Correlative conjunctions include: both/and, not only/but also, either/or, neither/nor, and whether/or and are always used in pairs to connect words, phrases, or clauses of equal grammatical value. Correct use of these conjunctions is critical in achieving parallelism in sentence structure. Make sure that the grammatical structure following the second half of the pair is the same as that following the first half.
You must decide either to fly or to drive.
Contrary to my plans, I spent much of my vacation both correcting papers and contacting students.
I hope not only that you will attend the play, but also that you will stay for the cast party afterwards.
Subordinating conjunctions come at the beginning of a Subordinate (or Dependent) clause and establishes the relationship between the dependent clause and the rest of the sentence. They also turn the clause into something that depends on the rest of the sentence for its meaning.
Subordinate conjunction: unless
Subordinate clause: unless you are allergic.
Independent clause: I will bring my cat.
Example: I will bring my cat unless you are allergic.
Subordinating conjunctions join an independent clause (contains both a subject and a verb and can act as a complete sentence) and a dependent clause (also contains a subject and a verb, but is not a complete sentence). Basically, dependent clauses cannot stand alone; they need to be joined to an independent clause. Subordinating conjunctions do just that. The word subordinate (adjective) means something of lesser or unequal value, which also gives you a clue about its position in a sentence in relation to an independent clause.
They went running (independent clause), although it was very hot (dependent clause).
We decided to take a couple of French classes this summer (independent clause), since we could not go away on vacation (dependent clause).
Monica went to law school in New York, while her brother went to law school in California.
Subordinating conjunctions always come at the beginning of a dependent clause. It’s important to note, however, that dependent clauses can sometimes (not always) come before an independent clause. We could write the above sentences this way:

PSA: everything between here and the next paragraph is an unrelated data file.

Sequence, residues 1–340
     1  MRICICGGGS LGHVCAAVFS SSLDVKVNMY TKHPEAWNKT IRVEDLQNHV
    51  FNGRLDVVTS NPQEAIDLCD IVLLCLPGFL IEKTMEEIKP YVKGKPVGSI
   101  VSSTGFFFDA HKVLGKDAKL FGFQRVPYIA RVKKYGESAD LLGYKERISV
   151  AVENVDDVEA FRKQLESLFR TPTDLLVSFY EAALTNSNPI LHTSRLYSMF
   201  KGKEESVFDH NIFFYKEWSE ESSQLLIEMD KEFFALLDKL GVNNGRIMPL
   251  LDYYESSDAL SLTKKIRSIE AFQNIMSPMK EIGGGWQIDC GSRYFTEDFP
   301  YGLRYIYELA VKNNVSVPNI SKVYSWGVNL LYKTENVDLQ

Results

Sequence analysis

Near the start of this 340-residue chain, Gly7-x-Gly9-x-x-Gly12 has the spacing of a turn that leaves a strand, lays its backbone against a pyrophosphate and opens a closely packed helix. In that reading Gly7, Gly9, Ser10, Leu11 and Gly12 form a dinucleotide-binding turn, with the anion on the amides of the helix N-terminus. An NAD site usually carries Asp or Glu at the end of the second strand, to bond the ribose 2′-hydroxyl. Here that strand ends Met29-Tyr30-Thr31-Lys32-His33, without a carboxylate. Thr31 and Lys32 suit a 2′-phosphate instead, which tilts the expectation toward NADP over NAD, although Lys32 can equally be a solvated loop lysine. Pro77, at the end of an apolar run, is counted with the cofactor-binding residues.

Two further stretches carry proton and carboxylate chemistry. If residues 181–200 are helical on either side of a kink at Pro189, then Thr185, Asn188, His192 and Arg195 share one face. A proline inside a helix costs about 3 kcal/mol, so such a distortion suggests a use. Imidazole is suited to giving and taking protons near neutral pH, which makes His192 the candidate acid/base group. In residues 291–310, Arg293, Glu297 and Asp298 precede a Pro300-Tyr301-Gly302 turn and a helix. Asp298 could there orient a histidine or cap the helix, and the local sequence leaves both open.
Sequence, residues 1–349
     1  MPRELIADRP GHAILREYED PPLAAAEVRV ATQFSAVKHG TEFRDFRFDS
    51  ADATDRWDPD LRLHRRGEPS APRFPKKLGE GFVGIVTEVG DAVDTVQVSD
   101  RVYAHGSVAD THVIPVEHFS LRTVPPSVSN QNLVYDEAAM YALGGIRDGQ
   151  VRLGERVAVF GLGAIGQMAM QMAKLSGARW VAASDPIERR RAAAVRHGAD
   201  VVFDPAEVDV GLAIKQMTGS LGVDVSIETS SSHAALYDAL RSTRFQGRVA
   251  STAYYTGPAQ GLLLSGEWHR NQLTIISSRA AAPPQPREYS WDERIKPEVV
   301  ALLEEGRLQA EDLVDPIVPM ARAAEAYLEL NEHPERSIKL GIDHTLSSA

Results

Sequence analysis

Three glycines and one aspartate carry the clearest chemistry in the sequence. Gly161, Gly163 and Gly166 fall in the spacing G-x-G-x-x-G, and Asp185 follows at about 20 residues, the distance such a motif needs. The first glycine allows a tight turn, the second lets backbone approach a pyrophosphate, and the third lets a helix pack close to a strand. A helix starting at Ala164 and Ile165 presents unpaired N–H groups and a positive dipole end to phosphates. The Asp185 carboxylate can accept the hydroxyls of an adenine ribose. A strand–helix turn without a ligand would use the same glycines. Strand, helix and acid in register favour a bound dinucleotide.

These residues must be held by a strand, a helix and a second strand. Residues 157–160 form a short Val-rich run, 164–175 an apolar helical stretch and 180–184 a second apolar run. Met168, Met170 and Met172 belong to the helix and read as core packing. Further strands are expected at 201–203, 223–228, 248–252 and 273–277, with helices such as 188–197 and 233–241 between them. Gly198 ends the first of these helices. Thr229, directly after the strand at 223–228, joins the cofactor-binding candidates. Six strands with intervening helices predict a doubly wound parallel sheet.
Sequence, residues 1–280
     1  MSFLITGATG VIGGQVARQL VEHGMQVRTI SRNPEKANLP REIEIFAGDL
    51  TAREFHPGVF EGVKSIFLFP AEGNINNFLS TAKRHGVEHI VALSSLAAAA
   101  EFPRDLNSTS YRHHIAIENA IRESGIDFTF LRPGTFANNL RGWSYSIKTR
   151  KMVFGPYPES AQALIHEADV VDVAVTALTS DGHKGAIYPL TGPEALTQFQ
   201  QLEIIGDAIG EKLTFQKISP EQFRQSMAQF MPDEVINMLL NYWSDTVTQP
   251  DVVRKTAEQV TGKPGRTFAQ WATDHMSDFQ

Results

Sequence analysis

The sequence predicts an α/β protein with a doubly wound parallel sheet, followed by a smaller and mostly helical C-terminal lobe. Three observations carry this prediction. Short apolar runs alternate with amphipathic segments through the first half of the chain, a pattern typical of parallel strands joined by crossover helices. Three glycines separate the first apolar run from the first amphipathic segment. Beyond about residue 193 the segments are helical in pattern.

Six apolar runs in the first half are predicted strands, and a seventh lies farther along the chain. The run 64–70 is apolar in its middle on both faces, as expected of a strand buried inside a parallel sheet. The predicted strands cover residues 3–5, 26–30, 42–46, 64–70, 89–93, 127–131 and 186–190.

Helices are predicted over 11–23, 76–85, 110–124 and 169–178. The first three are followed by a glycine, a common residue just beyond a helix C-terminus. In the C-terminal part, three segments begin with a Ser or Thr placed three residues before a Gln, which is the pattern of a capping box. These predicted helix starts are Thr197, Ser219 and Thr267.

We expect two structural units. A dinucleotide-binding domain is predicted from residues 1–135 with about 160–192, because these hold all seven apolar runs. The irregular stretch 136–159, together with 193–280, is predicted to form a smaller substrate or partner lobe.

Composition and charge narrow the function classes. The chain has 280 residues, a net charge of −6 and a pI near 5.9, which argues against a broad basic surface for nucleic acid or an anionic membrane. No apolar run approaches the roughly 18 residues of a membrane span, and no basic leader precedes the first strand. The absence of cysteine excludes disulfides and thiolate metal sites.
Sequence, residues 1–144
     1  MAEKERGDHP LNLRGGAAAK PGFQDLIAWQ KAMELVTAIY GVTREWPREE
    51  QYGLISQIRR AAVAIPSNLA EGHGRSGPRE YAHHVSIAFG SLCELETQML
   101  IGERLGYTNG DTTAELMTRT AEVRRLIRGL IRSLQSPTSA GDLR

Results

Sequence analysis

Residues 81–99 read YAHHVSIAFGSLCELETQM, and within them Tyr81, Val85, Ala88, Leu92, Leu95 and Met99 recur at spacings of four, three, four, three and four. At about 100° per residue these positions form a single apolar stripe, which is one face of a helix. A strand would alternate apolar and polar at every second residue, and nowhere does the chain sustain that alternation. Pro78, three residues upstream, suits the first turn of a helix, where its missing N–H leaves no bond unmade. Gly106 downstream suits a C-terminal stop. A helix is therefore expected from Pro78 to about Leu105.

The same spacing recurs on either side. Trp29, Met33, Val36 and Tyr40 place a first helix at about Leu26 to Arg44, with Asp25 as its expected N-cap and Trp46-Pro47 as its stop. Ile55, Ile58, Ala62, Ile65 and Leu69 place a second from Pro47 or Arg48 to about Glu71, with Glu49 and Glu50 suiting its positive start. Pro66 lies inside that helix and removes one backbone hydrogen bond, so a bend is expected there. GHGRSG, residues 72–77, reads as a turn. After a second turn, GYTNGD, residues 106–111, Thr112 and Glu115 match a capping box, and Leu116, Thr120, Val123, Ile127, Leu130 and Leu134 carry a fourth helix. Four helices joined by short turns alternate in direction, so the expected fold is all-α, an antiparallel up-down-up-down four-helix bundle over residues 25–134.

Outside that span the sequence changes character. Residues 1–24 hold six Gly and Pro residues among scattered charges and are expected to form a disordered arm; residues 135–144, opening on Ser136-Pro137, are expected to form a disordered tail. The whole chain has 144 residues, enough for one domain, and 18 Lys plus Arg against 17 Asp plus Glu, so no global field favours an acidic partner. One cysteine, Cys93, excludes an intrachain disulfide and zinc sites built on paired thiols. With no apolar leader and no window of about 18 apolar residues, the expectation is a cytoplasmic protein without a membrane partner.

Although it was very hot, they went running.
Since we could not go away on vacation (dependent clause), we decided to take a couple of French classes this summer (independent clause).
While her brother went to law school in California, Monica went to law school in California.
While coordinating conjunctions join parts of sentence that are similar, subordinating conjunctions often show a contrasting or unequal relationship.
Notice that some of the subordinating conjunctions in the table below — after, before, since — are also prepositions, but as subordinators they are being used to introduce a clause and to subordinate the following clause to the independent element in the sentence.
Common Subordinating Conjunctions
after if though
although if only till
as in order that unless
as if now that until
as long as once when
as though rather than whenever
because since where
before so that whereas
even if than wherever
even though that while
Adverbial conjunctions indicate a relationship between sentences and independent clauses. When a conjunctive adverb appears at the beginning or in the middle of an independent clause, it is usually set off by commas. When a conjunctive adverb introduces a second clause within a sentence, a semicolon precedes it and a comma follows it.
Carrot cake is very tasty. Moreover, the carrots make it a "healthy" choice for dessert.
I realize you were busy. It is unfortunate, however, that you missed that phone call.
The hurricane has lessened in intensity; nevertheless, we are evacuating in an hour.
Here is a chart of the transitional devices (also called conjunctive adverbs or adverbial conjunctions) accompanied with a simplified definition of function (note that some devices appear with more than one definition):
again, also, and, and then, besides, equally important,
Addition finally, first, further, furthermore, in addition, in the
first place, last, moreover, next, second, still, too
comparison also, in the same way, likewise, similarly
concession granted, naturally, of course
although, and yet, at the same time, but at the same
time, despite that, even so, even though, for all that,